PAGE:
Sharpening Your Re-Compete Edge

istock_000004374408xsmall.jpgThe administration”s call for greater accountability is driving many government agencies to raise the bar even higher for contractors” services. In turn, contractors need to expect and prepare for more stringent contract performance reviews and re-competes. We often find companies are taken aback by the unexpected loss of significant contracts. Even when they were consistently meeting contractual performance metrics.

As you approach the end of your contracts lifecycle, its important to understand how your agency customers view your performance. This can make the difference between winning and losing the re-compete. But don”t worry, we can help!

Click below to learn more about what you can do to better prepare your company for a re-compete.

The reasons for demise can range from issues related to “soft skills” like professionalism and communications, to hassles related to billing, and to everything in between. While these types of issues may not be “deal breakers”, they often drive agency customers to seek out vendors that can meet both the contractual obligations and the non-contractual expectations.

Market Connections recently helped two such clients prepare for more effective re-competes. One client for whom we”ve been conducting contract satisfaction surveys for many years was nearing the re-bid of an important civilian agency contract. We modified their satisfaction survey for this particular customer to get additional insights into ways they could improve the effectiveness of their re-compete. The targeted agency personnel gladly participated in the study and were largely positive about our client”s performance. Their only complaint was that the contract”s structure limited the number of personnel our client could provide, often leaving the agency understaffed. As a result, our client modified the Men december i ar kommer att vara annorlunda for fans av online spelautomater pa natet gratis , med ett splitternytt kasinospel for Microgaming-kasinon som slapps i borjan pa manaden. staffing clauses in their re-compete proposal to ensure they could meet the agency”s fluctuating requirements.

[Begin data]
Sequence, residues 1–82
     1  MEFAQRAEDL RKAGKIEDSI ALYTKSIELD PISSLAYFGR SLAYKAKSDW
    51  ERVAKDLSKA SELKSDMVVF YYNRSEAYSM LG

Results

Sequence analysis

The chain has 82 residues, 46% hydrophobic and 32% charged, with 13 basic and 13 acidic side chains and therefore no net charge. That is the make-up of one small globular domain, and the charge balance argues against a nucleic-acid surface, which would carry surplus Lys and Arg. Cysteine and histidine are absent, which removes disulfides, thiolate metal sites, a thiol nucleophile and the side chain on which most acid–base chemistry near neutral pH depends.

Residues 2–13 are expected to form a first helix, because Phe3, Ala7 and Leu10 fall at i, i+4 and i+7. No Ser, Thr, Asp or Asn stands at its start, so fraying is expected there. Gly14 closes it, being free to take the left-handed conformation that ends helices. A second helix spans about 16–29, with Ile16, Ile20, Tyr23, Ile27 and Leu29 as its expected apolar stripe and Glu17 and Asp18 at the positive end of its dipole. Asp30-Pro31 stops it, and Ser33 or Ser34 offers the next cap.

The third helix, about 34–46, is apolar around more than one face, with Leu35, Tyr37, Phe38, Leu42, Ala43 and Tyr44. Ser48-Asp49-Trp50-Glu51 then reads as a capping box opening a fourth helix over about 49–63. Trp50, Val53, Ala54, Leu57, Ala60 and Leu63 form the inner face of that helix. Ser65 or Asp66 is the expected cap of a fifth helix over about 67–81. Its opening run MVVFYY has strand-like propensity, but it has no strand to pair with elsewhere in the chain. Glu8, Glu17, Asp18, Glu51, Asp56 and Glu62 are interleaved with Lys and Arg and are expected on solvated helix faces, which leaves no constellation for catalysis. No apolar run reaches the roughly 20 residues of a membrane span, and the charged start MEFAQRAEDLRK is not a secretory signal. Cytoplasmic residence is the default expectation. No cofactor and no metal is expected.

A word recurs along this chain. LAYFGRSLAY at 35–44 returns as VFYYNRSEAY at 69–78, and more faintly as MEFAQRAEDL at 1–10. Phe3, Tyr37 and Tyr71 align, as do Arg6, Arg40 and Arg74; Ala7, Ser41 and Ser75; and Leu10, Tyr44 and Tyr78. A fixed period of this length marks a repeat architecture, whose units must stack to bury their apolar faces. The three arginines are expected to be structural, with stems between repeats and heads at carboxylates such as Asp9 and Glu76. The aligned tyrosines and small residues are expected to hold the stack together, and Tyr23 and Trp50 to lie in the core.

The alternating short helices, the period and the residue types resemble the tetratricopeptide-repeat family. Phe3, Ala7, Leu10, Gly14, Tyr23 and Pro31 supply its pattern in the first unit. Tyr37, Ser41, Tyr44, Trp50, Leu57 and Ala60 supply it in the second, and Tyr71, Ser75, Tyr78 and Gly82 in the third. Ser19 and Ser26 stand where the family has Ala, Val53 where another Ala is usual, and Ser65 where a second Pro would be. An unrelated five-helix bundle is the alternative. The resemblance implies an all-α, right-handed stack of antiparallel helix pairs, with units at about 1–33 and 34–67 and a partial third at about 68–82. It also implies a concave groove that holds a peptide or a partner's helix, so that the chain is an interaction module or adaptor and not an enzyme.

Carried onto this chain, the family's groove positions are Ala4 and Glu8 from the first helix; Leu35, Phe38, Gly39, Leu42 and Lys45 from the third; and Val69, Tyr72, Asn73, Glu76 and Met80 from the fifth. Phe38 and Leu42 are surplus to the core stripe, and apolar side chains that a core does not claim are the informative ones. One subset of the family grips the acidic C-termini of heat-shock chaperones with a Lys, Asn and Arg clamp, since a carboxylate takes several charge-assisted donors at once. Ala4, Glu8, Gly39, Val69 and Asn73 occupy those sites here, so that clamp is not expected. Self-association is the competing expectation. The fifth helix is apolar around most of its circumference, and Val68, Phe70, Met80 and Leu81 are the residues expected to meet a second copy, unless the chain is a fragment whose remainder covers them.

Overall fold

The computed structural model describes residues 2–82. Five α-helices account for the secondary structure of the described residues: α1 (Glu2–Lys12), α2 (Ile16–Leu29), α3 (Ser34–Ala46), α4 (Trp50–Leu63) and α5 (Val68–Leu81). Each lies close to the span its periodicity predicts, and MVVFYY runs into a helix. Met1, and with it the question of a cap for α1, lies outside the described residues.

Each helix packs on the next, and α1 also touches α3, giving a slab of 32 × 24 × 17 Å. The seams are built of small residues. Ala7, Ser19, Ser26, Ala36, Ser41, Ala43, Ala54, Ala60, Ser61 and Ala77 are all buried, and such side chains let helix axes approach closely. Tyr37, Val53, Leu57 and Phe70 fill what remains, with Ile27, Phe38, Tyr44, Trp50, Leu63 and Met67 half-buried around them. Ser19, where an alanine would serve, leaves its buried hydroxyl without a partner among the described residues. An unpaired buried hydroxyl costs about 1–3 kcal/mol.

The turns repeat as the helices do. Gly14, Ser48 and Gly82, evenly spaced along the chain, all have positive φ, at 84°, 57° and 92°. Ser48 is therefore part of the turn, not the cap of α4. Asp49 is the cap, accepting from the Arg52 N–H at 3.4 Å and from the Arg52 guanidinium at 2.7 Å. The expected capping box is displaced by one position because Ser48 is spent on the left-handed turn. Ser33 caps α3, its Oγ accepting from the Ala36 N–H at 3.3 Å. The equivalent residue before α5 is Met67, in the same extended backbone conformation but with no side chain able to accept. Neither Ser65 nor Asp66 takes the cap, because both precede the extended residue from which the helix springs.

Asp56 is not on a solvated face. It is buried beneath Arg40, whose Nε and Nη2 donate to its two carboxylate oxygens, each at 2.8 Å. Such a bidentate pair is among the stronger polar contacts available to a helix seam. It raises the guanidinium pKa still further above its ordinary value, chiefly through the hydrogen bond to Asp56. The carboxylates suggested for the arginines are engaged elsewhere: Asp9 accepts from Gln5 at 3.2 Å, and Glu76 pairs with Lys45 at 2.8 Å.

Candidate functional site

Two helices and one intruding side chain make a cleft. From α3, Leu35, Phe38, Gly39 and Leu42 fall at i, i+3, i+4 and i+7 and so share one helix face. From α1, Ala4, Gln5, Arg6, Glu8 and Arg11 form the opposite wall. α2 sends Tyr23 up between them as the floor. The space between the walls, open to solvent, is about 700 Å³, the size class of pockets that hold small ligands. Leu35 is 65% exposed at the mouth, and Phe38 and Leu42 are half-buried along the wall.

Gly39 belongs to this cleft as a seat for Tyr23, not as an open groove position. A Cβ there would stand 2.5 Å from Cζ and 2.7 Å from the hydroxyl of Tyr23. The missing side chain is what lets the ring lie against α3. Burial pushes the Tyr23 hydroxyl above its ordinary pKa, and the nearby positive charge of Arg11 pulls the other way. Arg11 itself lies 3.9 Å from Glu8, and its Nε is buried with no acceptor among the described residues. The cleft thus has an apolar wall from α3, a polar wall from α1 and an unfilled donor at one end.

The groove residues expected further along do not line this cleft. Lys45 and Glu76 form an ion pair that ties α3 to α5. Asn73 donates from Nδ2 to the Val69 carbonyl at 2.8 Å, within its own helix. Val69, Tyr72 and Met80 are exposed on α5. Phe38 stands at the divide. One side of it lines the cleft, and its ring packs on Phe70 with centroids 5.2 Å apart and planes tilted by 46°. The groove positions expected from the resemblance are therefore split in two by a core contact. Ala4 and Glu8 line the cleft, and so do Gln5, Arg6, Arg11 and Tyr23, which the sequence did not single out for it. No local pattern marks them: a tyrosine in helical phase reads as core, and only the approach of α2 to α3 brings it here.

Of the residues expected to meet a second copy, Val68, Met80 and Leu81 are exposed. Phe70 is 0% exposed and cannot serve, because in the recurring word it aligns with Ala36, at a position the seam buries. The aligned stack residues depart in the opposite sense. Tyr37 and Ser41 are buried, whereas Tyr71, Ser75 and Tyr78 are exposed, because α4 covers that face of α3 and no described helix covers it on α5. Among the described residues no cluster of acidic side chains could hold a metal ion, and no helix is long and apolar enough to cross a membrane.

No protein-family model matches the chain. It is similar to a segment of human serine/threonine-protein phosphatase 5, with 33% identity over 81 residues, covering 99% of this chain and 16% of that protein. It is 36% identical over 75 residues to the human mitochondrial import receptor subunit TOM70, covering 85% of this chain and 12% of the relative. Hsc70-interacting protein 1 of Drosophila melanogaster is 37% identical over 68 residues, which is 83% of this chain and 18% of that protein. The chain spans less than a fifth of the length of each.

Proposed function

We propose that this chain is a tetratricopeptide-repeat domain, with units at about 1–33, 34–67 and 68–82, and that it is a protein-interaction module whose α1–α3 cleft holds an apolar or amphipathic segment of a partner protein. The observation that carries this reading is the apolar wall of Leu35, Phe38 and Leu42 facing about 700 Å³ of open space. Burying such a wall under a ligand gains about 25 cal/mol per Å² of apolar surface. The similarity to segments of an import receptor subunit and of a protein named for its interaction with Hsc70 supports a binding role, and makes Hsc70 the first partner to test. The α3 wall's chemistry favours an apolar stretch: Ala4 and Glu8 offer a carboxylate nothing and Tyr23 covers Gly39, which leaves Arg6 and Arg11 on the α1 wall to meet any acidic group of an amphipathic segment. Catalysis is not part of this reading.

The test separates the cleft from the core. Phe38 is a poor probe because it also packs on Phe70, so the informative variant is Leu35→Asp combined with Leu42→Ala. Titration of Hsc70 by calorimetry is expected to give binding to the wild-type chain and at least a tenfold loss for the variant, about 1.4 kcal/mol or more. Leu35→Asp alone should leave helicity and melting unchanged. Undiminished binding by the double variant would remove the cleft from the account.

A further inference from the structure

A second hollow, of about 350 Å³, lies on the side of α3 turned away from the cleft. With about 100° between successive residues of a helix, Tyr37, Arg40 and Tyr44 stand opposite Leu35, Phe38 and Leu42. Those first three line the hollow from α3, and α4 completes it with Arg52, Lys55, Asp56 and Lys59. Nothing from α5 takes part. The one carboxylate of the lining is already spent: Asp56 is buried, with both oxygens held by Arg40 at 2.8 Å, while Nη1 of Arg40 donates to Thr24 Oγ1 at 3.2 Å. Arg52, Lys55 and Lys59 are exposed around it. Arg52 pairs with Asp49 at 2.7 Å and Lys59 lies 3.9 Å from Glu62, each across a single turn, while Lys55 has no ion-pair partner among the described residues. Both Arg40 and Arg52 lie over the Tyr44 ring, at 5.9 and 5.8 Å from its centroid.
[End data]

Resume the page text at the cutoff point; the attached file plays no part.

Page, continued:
Another client was facing a re-compete on a long-standing ERP and process improvement contract with the DoD. Long before the RFP was announced, Market Connections interviewed senior personnel within each of the customer divisions our client served, who overall gave very high marks to the quality of their services. However, they also revealed for the first time that they wanted the services to be more customized to their individual departmental needs. We also learned that they wanted more frequent executive-level meetings and briefings. While the contract didn”t require our client”s executives to regularly touch base with agency leadership or conduct high-level milestone briefings, agency personnel perceived their failure to do these things as a sign of disinterest.

By combining their strong contract performance with new detailed processes to identify departmental needs as well as increased executive outreach, our client easily won the re-compete and is now perceived as a critical partner by the agency.

People and organizations are often slow to complain. You could be putting your client contracts at great risk by not proactively asking what you could be doing better. Acting on the results of contract renewal research – conducted well in advance of the re-compete – significantly improves customer retention rates. And, remember, customers will give more thorough and candid responses to a third-party research firm than to your in-house staff or executives.

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